Today is the birthday of Fleming W. Ackerman (1863-1946), known professionally and informally as Colonel Speck. Amazing, but true, he shares the same birthday with General Grant, Jr! Someone should take a look at their mother’s horoscopes!
The son of a prosperous Moravia, New York businessman, Ackerman was normal sized until he reached the age of four years old, whereupon his growth slowed down considerably. His tallest height in adulthood was four feet four inches. Extremely gifted at music he began singing and playing in local amateur theatricals at around age 8 or 9. His first professional engagement was at a local theatre in Owego with the Tremaine Brothers in 1875. He undertook a regional tour with one Mademoiselle Leon the following year. In 1876 he received an offer of work from P.T. Barnum (he had not yet reached his full height). The family turned it down because the boy was only 13. In 1878 he attended a music conservatory in New York City. While there he not only studied, but he performed professionally and became friendly with the happy quartet of General Tom Thumb, Lavinia Warren, her sister Minnie, and her husband Major Newell.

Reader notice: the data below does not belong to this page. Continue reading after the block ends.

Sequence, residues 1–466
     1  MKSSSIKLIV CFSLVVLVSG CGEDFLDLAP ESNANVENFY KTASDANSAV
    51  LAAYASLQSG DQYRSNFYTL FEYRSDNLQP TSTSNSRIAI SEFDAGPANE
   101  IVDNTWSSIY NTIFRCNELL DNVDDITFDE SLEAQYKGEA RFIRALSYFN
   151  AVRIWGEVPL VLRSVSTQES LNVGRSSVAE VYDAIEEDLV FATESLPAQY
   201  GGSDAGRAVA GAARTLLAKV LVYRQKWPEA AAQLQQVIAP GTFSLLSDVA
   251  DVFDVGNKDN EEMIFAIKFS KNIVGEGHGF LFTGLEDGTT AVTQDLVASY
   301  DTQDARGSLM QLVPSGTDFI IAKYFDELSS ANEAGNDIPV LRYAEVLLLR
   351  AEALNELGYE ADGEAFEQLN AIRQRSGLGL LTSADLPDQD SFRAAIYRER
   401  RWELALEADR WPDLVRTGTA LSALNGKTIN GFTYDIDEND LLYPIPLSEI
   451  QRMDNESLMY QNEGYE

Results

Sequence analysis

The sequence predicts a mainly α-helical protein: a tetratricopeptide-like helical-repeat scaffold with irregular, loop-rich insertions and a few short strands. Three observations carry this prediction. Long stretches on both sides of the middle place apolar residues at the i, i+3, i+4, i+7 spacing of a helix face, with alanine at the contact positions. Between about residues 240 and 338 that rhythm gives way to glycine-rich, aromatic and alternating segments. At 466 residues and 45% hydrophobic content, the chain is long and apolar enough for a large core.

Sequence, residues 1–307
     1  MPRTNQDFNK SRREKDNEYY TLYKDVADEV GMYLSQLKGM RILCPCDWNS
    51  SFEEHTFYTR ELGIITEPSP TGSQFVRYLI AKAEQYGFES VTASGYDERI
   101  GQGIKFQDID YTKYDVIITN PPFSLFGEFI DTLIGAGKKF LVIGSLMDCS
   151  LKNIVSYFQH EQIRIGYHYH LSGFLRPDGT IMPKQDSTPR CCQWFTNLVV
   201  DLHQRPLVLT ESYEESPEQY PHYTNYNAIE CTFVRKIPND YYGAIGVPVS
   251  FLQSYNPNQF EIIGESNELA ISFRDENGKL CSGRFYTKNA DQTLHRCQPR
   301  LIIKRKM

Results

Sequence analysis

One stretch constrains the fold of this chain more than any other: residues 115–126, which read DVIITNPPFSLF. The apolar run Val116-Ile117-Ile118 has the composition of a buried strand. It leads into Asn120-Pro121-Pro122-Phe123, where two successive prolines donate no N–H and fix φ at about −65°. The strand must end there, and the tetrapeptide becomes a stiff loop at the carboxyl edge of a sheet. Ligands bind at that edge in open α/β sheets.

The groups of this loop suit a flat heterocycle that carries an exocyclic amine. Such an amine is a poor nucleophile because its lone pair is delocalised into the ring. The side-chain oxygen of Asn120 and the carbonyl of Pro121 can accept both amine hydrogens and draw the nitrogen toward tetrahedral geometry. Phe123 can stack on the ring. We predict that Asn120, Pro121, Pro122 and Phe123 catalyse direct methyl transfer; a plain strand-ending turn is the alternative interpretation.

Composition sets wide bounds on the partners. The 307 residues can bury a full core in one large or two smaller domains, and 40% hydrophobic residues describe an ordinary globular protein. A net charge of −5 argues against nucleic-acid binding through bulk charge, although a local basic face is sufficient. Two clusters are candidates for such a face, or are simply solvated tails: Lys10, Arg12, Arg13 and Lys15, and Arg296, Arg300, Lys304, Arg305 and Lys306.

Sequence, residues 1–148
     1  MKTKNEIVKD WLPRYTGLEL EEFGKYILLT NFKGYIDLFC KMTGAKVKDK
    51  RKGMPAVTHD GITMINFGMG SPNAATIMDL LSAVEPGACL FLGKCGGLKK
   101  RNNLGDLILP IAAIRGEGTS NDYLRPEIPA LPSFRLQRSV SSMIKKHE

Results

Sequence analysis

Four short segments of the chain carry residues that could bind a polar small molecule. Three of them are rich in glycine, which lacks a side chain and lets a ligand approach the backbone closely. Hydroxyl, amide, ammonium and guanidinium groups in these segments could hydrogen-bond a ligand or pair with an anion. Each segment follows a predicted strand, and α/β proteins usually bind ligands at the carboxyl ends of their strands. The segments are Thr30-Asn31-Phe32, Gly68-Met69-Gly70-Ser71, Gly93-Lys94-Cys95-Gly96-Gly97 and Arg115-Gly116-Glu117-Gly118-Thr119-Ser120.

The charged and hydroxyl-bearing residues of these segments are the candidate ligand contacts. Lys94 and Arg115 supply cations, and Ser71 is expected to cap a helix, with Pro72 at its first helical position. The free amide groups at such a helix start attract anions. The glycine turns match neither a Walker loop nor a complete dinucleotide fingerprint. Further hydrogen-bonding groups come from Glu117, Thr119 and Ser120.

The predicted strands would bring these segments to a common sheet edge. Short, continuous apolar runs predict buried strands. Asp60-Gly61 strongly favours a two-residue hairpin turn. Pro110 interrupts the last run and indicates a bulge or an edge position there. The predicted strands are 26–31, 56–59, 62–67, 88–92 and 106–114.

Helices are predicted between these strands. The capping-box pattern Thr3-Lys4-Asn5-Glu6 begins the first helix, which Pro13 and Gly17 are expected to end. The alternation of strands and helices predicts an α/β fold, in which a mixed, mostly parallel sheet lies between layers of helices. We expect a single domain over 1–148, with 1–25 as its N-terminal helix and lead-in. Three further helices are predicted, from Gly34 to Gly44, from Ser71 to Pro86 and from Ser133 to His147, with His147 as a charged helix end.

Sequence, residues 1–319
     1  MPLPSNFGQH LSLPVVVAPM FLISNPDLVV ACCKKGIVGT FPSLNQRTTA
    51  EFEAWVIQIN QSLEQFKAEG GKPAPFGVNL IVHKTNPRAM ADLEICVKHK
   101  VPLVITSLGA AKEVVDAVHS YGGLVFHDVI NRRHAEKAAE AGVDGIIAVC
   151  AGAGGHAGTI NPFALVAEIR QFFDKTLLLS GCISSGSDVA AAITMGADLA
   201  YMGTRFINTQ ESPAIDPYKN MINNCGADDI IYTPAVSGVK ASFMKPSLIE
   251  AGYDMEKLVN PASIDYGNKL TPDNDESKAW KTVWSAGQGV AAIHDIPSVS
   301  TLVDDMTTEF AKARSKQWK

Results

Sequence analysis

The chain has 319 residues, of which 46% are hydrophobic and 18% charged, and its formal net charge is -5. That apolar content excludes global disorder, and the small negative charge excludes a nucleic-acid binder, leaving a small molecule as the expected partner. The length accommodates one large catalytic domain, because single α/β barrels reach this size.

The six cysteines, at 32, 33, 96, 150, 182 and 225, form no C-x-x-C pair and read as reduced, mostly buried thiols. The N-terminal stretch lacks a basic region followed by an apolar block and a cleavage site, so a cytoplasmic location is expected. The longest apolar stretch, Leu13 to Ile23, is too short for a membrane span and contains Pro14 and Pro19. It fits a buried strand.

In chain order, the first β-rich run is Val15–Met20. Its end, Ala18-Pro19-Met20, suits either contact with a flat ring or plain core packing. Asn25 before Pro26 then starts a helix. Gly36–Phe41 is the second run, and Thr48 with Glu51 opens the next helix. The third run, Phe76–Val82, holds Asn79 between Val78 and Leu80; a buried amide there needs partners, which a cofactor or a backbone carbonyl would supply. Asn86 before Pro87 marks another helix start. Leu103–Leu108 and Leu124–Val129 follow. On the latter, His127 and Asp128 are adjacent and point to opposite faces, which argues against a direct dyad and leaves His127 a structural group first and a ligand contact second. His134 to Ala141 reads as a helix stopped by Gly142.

This association was fortunate, for the following year Warren engaged him as a performer with the Liliputian Opera Company, which toured all over the U.S. and Canada. In 1882 the company folded when their unscrupulous manager fled with the box office take, stranding them in Chicago. They played another season as the Pigmie Picnic Party [sic] under new management and then disbanded. Following this, Speck worked for several months in solo engagements, but overworked himself to the point that he permanently blew out his voice and was forced to retire from show business.
Fortunately he had inherited his father’s acumen as an entrepreneur, and became a successful local businessman in Moravia and surrounding towns operating a photography studio, a telephone exchange and a bus line. He also kept a hand in performing as the Drum Major of a local brass band, Huff’s Cornet Band, which played parades, fairs and other events.
For all the information you will ever need on this interesting character, I recommend The Drum Major of Company A: A Biography of Fleming W. Ackerman a.k.a. Colonel Speck by Frank S. Foti, which may be purchased here.
To find out more about the history of show business, consult No Applause, Just Throw Money: The Book That Made Vaudeville Famous, available at Amazon, Barnes and Noble, and wherever nutty books are sold.